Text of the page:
To the measure of summer;

The butterflies hear it,
And spell-bound are holden,
Stil balancing near it
O’er the goats'-beard so golden.

And saw a child's face
Mid locks of bright gold in it ;
Yes, pure as this fountain once,
Since, how much error!
Too holy a mirror
For the man to behold in it
His harsh, bearded countenance !

V.

VI.

'T is a woodland enchanted ! A vast silver willow, I know not how planted, (This wood is enchanted, And full of surprises), Stands stemning a billow, A motionless billow Of ankle-deep mosses ; Two great roots it crosses To make a round basin, And there the Fount rises ; Ah, too pure a mirror For one sick of error To see his sad face in ! No dew-drop is stiller In its lupin-leaf setting Than this water moss-bounded; But a tiny sand-pillar From the bottom keeps jetting, And mermaid ne'er sounded Through the wreaths of a shell, Down amid crimson dulses In some dell of ocean, A melody sweeter Than the delicate pulses, The soft, noiseless metre The pause and the swell Of that musical motion : I recall it, not see it ; Could vision be clearer? Half I'm fain to draw nearer Half tempted to flee it ; The sleeping Past wake not, Beware! One forward step take not, Ah ! break not That quietude rare ! By my step unaffrighted A thrush hops before it, And o'er it A birch hangs delighted, Dipping, dipping, dipping its tremu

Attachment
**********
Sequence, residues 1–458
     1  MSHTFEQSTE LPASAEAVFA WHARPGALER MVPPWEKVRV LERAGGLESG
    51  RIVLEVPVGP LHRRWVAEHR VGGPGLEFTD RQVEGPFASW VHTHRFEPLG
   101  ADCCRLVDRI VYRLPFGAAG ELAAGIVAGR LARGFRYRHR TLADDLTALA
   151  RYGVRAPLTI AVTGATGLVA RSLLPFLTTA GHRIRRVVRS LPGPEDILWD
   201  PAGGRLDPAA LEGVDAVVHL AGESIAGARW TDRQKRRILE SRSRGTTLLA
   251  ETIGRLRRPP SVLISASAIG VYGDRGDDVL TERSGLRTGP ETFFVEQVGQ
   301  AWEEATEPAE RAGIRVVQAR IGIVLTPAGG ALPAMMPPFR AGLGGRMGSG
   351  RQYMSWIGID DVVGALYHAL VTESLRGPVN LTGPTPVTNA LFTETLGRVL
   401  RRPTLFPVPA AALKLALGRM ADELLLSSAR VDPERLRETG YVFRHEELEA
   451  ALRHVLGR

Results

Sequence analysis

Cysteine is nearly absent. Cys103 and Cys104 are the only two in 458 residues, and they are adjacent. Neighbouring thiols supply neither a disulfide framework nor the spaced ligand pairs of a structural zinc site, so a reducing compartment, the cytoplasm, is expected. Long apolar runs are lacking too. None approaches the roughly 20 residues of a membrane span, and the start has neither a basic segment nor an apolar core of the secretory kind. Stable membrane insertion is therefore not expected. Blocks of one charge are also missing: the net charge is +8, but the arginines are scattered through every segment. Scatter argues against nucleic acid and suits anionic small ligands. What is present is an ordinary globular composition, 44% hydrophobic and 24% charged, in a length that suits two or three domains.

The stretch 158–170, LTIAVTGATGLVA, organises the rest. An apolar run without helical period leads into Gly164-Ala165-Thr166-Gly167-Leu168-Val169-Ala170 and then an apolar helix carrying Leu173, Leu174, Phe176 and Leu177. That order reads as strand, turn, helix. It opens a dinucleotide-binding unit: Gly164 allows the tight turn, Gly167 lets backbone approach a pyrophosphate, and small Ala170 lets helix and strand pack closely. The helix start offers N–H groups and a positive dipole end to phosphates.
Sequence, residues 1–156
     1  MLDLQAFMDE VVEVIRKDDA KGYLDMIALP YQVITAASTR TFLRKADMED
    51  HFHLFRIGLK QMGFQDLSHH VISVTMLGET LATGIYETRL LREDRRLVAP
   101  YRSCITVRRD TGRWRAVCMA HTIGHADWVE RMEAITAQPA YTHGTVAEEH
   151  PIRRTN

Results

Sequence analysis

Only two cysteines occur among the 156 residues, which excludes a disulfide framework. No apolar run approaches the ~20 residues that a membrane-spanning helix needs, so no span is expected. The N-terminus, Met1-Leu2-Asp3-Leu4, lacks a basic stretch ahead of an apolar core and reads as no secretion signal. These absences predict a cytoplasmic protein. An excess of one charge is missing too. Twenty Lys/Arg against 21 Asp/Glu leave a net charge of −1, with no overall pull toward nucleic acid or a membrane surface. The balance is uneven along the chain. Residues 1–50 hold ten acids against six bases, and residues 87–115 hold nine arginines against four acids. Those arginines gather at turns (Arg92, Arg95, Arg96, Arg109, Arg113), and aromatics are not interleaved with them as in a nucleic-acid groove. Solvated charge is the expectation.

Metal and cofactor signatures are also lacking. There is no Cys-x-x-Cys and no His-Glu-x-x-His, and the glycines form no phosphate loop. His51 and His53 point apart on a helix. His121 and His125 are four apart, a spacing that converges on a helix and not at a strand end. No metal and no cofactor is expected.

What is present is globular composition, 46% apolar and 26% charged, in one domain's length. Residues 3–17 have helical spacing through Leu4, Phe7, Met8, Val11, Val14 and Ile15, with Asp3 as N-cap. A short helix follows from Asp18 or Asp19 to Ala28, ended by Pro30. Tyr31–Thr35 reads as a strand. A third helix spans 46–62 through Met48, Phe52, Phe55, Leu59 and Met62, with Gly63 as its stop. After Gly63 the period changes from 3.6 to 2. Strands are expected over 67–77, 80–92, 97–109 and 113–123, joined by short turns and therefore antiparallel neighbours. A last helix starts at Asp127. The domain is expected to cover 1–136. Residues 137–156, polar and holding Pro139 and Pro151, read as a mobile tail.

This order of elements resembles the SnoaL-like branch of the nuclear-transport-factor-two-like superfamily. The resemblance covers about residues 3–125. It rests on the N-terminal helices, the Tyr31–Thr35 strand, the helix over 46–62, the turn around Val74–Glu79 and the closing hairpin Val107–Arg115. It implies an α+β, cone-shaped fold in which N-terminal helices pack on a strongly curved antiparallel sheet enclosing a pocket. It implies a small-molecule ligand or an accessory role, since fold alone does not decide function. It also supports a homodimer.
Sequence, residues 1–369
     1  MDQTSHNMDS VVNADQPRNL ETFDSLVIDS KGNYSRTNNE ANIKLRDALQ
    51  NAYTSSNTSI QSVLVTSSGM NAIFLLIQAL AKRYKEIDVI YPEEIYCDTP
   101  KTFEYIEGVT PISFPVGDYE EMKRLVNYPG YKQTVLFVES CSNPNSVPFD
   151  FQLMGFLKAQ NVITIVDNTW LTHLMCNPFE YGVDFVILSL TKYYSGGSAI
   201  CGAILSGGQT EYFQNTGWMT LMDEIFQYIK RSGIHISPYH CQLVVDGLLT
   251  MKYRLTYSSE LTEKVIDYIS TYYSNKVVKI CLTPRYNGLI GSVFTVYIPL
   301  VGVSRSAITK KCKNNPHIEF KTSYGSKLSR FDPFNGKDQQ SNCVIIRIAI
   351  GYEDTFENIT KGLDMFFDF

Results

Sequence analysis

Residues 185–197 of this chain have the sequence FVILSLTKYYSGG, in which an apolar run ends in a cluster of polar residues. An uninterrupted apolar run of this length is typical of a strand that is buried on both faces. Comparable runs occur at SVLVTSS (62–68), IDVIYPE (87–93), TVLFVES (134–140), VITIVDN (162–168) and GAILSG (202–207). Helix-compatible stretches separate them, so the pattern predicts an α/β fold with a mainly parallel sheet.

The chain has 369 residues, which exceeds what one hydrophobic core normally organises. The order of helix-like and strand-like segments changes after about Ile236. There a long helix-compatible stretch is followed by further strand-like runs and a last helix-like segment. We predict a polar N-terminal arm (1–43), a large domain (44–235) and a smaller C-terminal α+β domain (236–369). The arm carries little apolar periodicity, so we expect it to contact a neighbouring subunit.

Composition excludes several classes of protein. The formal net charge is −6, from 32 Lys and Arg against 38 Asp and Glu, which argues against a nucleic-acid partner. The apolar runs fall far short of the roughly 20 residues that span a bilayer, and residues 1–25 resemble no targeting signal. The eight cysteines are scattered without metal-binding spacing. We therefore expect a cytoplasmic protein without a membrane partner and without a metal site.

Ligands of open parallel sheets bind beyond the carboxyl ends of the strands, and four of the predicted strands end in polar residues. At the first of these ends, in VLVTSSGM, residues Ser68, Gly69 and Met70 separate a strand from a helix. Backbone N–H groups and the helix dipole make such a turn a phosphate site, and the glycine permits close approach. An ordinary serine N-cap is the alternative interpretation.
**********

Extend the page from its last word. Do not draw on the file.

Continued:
lous hair ; Pure as the fountain, once I came to the place, (How dare I draw nearer ?) I bent o'er its mirror,

'Tis a woodland enchanted ! Ah, fly uvreturning! Yet stay ; 'T is a woodland enchanted, Where wonderful chances Have sway; Luck flees from the cold one But leaps to the bold one Half-way ; Why should I be daunted ? Still the smooth mirror glances, Still the amber sand dances, One look, — then away! O magical glass! Canst keep in thy bosom Shades of leaf and of blossom When summer days pass, So that when thy wave hardens It shapes as it pleases, Unharmed by the breezes, Its fine hanging gardens ?' Hast those in thy keeping, And canst not uncover, Enchantedly sleeping, The old shade of thy lover? It is there! I have found it ! He wakes, the long sleeper ! The pool is grown deeper, The sand dance is ending, The white floor sinks, blending With skies that below me Are deepening and bending, And a child's face alone That seems not to know me, With hair that fades golden In the heaven-glow round it, Looks up at my own ; Ah, glimpse through the portai That leads to the throne, That opes the child's olden Regions Elysian ! Ah, too holy vision For thy skirts to be holden By soiled hand of mortal!